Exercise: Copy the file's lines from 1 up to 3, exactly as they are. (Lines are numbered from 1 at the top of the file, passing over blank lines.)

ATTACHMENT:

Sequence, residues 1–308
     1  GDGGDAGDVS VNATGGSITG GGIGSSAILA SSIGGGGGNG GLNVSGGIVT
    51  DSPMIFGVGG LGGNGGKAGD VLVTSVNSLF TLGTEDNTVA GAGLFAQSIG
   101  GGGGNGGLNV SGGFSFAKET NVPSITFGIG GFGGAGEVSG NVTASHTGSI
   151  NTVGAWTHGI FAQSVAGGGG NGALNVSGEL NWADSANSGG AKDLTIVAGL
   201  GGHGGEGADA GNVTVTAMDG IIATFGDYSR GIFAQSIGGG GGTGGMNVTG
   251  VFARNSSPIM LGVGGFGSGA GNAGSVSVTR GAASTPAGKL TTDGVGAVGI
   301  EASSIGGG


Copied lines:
Sequence, residues 1–308
     1  GDGGDAGDVS VNATGGSITG GGIGSSAILA SSIGGGGGNG GLNVSGGIVT
    51  DSPMIFGVGG LGGNGGKAGD VLVTSVNSLF TLGTEDNTVA GAGLFAQSIG